The first place Mario took us was a little further up Monte Ortobene, and was a small goat cheese farm. What made it remarkable was that it was based out of a rock. A cave had been carved, over the course of thousands of years, into the giant toadstool-shaped rock on the mountain, and a local family had decided to set up their small farm around it. The rock was now outfitted with a little door, and inside was a simple fridge, table, and some beds, along with racks of cooling cheese. I felt a little bit like I was in The Hobbit as I ducked the rocky ceiling to step inside the small abode. Around back there were the goats, who roamed free on the mountains by day and returned at night to sleep and be milked. A small pony ran to the fence to say hi as we walked by. As we tasted the local red wine (apparently many families here have their own tiny vineyards so they can make their own table wine) Mario talked to the men who ran the farm in Sard, the local language, a non-romance language, that is not related to Italian. As we were leaving, Mario explained that since the farm is based around a rock, it doesn’t really exist in the eyes of the local government, so the family doesn’t really own it, or have to pay any taxes.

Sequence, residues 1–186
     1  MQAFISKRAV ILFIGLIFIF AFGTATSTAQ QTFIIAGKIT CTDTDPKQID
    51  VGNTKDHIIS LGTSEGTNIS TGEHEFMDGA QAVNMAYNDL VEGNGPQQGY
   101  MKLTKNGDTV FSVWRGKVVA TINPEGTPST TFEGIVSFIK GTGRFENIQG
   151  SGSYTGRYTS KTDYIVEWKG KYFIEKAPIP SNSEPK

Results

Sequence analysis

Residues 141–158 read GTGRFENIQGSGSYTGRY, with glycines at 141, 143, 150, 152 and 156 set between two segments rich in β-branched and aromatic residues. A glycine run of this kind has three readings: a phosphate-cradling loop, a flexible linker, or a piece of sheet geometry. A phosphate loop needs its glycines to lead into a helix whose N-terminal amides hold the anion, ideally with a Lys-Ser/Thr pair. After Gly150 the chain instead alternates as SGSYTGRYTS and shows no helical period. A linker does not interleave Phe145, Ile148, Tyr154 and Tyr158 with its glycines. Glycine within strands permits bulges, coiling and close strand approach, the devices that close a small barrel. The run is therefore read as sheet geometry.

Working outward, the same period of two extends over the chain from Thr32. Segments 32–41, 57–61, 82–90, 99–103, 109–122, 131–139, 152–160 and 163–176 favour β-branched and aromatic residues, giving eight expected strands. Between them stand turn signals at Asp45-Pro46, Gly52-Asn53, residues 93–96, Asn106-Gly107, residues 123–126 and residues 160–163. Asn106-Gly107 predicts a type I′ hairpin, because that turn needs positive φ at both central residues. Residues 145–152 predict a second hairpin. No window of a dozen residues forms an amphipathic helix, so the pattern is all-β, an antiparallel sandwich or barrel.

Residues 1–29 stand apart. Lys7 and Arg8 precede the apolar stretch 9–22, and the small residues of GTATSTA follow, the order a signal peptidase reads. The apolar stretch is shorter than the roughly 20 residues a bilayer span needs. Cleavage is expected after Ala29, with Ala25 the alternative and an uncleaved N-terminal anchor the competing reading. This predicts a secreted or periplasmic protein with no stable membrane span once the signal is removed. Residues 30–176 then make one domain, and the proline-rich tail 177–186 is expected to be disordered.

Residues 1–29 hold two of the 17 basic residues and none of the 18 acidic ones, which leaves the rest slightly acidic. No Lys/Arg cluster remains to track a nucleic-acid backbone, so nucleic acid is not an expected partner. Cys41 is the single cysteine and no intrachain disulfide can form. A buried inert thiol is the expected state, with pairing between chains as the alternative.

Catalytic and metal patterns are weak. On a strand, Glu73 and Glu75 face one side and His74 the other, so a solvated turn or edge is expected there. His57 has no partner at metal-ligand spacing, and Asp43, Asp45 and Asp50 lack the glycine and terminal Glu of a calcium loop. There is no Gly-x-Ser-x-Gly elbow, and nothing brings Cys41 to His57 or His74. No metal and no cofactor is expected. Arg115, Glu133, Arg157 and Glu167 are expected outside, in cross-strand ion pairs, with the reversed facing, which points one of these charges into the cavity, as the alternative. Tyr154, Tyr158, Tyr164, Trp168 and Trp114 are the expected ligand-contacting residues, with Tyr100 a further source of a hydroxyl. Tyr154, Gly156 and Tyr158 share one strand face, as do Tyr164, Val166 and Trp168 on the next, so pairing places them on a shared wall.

Not much further up the hill, we stopped at an agriturismo, another family farm that hosts gatherings, food tastings, and campers at times, and were greeted by a 900-year-old tree (or so the plaque said). The owner took us into his “rock kitchen,” where ancient looking hams were aging and dusty bottles of wine lined the walls. Here we got to try to the local white, sweet wine and as my eyes adjusted to the dim light, I could see the many traditional Sardinian carnevale masks that were hanging on the walls.
Nuoro is reputed to be the “cultural capital” of Sardinia, and it certainly seems to be true. The next day I went to an archeological museum and an ethnographic museum (where I saw many more carnevale masks), and as he said goodbye Mario encouraged me to return, saying that he could help me find more contacts to explore the island, which he described as “a little continent,” in the future.